Noelle Healy comfortable in retirement after stellar career

Job as a doctor offers its own challenges on top of intercounty career

Noelle Healy pictured at home with some stand-out medals and awards from her career. Photo: Brendan Moran/Sportsfile

Noelle Healy pictured at home with some stand-out medals and awards from her career. Photo: Brendan Moran/Sportsfile

 

Noelle Healy called time on an extraordinary career last April. Five senior All-Irelands with Dublin and a Player of the Year award were simply the headlines but their span, from 2010 to 2020, and the depths of disappointment in between gave it all an epic scale.

Promoting this year’s Bord Gáis Energy GAA Legends Tour series, Healy, now 30, firmly rejected any notion of second thoughts.

“No, not at all. It’s something, like I said before, I had given an awful lot of thought to. I wouldn’t have just jumped into it. I suppose there’s the odd pang of missing it, especially when you’re watching them celebrate with the cup but I’ve just been very fortunate in that they’re experiences that I’ve had before.”

After the weirdness of last year’s four-in-a-row All-Ireland victory over Cork, played in front of empty stands five days before Christmas and the lockdown that followed, the Dublin tanks have rolled once more and this year’s league was won last month by defeating old rivals Cork.

This year’s championship begins on Saturday with an opening match against Tyrone.

She says that it’s reassuring to see the team’s success continue after her retirement, having contributed to all five of the county’s triumphs in the Brendan Martin Cup.

“Absolutely. It would be heart breaking if a few of us started to walk away and all of a sudden, it fell apart. We always took great pride after appearing in All-Ireland finals, meeting younger players and seeing the excitement they got from that.

“Even some of the girls who would have played at half time, or attended the 2010 final or 2014 final and seeing them now being part of our team and having those experiences inspire them. It’s exactly the kind of legacy that you’d want to leave.”

A stylish and accurate forward, blessed with pace, Healy was also one of the small number who have won All-Irelands at under-14, under-16, minor and senior - as well as at club level when she played for Mourneabbey when working down in Cork University Hospital.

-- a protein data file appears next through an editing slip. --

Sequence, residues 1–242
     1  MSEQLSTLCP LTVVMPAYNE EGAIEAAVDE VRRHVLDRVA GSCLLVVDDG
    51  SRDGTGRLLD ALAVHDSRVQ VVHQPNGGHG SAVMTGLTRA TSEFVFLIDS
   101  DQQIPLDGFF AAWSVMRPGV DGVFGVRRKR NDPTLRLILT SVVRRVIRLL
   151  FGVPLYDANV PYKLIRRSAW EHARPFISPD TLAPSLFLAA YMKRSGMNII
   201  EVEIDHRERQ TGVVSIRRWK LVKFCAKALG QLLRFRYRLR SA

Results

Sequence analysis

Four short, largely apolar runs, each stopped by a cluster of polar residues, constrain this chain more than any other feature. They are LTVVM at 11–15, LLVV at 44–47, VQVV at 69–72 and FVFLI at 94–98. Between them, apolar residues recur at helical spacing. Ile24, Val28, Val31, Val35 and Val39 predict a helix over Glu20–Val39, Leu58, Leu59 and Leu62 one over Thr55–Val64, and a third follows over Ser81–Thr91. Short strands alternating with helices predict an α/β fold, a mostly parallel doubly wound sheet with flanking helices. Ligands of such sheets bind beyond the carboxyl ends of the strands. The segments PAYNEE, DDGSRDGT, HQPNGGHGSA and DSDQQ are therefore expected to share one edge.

Her career as a doctor has been a demanding backdrop to life as an intercounty footballer. A specialist in anaesthesia, she is now back in Dublin working in St Vincent’s. Healy sees the twin demands as challenging but not mutually exclusive.

“No, I don’t think it’s incompatible. Anaesthesia is six years in college, one year of an internship and then six years of a specialist training scheme to finish your clinical training in anaesthesia and intensive care medicine. I’m in year five of this, I’ve just finished that so I don’t think it’s fair to say that it’s incompatible and it’s definitely not a message that I would want to go out there.

“I always said that I was happy to put the effort in as long as I was getting the same level of enjoyment out of it. I guess over the last year or two, that started to just wane a little bit. We work an awful lot of weekends, we end up working every second, if not third, weekend.

“They’re 24-hour shifts, they’re physically and emotionally quite demanding, and trying to swap that around training and things like that, while missing out on family events, friends events and things like that, I suppose it took its toll.”

Unsurprisingly, her most memorable year was 2017 when Dublin finally turned the tide of three successive All-Ireland defeats by Cork and regained the title after a seven-year absence.

“The standout year for me personally, 2017 was a great year. Finally getting the monkey off your back and winning an All-Ireland was a phenomenal achievement and a phenomenal feeling. Being selected as Player of the Year by your peers as well is always a very nice accolade and a nice nod but I think it was more for us, as a team, what we managed to achieve.

“We’re quite proud of ourselves, being able to dust ourselves down after losing an All-Ireland final, bringing ourselves and our standards back up. Twenty-sixteen was a really tough year, a lot of us probably questioned whether we would even continue or whether we were just frankly good enough to win. To have that turnaround was really satisfying for us.”

There are five Dublin players on the Team of the League, Division One selection. Dublin’s Abby Shiels, in the absence of regular goalkeeper Ciara Trant, made some outstanding saves in the final against Cork. She is joined by Cuala pair Martha Byrne and Jennifer Dunne, Olwen Carey and Hannah Tyrrell, who switched from playing rugby for Ireland in this year’s 6 Nations to resuming her football career. Cork have six, Donegal four.

Lidl team of the league (Division One): Abby Shiels (Dublin); Shauna Kelly (Cork), Evelyn McGinley (Donegal), Martha Byrne (Dublin); Erika O’Shea (Cork), Olwen Carey (Dublin), Melissa Duggan (Cork); Katy Herron (Donegal), Jennifer Dunne (Dublin); Hannah Tyrrell (Dublin), Ciara O’Sullivan (Cork), Orla Finn (Cork); Sadhbh O’Leary (Cork), Karen Guthrie (Donegal), Geraldine McLaughlin (Donegal).

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